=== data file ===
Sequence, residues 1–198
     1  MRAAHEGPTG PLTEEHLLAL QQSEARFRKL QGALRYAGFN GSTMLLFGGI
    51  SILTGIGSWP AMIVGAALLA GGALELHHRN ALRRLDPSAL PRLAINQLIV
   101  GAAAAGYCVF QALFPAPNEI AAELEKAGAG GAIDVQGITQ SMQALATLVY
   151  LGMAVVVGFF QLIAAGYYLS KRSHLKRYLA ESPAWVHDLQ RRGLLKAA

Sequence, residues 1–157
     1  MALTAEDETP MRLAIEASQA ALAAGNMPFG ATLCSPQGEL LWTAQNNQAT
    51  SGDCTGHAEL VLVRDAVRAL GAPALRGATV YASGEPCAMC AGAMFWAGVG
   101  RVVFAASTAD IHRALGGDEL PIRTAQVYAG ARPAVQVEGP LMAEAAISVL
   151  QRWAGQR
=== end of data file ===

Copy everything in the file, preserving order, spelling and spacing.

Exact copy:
Sequence, residues 1–198
     1  MRAAHEGPTG PLTEEHLLAL QQSEARFRKL QGALRYAGFN GSTMLLFGGI
    51  SILTGIGSWP AMIVGAALLA GGALELHHRN ALRRLDPSAL PRLAINQLIV
   101  GAAAAGYCVF QALFPAPNEI AAELEKAGAG GAIDVQGITQ SMQALATLVY
   151  LGMAVVVGFF QLIAAGYYLS KRSHLKRYLA ESPAWVHDLQ RRGLLKAA

Sequence, residues 1–157
     1  MALTAEDETP MRLAIEASQA ALAAGNMPFG ATLCSPQGEL LWTAQNNQAT
    51  SGDCTGHAEL VLVRDAVRAL GAPALRGATV YASGEPCAMC AGAMFWAGVG
   101  RVVFAASTAD IHRALGGDEL PIRTAQVYAG ARPAVQVEGP LMAEAAISVL
   151  QRWAGQR